The highest price for the first sell was $3,00 while the lowest was pegged at $1,20. Last year, burley tobacco farmers held on to their crop for two months as no buyer was forthcoming to buy the crop.
Resports says internal squabbles that have hit the Air Cured Tobacco Association(ACTA), an organisation that represents burley tobacco farmers has led to the poor start of the crop’s marketing season with only eight bales having been delivered on the first day of sale at the Boka Tobacco Auction Floors.
The divisions among the ACTA members have led to poor communication with burley growers as only a few managed to deliver their crop for sell on the opening day.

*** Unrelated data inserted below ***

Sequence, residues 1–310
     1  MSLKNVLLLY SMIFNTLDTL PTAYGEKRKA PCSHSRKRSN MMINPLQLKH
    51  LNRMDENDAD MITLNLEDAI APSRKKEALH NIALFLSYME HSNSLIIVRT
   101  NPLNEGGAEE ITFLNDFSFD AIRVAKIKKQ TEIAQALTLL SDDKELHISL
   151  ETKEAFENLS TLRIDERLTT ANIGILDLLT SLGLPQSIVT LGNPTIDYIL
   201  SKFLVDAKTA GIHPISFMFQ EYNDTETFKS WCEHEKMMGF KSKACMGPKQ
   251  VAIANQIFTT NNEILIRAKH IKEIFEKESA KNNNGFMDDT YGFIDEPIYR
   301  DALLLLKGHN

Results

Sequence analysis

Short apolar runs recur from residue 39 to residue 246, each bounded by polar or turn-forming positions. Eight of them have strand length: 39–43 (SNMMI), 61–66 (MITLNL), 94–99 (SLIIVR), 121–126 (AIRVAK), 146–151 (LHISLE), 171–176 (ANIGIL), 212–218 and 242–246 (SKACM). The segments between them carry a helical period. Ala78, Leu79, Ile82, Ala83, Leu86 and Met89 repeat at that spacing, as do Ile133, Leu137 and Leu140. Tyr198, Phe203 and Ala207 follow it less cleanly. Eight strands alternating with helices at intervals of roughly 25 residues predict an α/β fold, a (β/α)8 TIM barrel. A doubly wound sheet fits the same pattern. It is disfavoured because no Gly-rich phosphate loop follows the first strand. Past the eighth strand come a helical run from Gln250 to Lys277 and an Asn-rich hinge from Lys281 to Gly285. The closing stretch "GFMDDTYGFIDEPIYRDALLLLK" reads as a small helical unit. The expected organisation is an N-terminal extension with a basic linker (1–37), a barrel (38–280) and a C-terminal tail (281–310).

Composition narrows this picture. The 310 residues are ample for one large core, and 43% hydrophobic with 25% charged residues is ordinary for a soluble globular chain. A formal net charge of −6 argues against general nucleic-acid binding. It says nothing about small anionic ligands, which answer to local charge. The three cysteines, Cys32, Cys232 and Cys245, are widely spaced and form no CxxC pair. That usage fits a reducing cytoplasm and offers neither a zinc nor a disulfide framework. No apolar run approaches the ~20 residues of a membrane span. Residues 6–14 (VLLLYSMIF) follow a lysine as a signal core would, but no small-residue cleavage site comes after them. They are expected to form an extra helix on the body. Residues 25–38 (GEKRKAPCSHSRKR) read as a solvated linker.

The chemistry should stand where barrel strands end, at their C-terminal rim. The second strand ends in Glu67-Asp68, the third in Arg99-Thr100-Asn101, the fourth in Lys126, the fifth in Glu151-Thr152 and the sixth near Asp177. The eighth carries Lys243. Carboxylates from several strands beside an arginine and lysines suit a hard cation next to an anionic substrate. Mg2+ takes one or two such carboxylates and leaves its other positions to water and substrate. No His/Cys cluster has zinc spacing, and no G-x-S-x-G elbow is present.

Tobacco farmers have called on the government to decentralize tobacco auction floors in order to combat transport difficulties.
Zimbabwe Farmers Union Director, Paul Zakariya, said the decentralization of auction floors would minimize the costs and improve the quality of the crop.
“Tobacco loses value if not transported properly and this will have a negative impact on the farmers because the price of the crop will be affected. Right now, farmers from across the country converge at auction floors in Harare and in some cases they spend more than a month sleeping out in the open,” said Zakariya.Post published in: Agriculture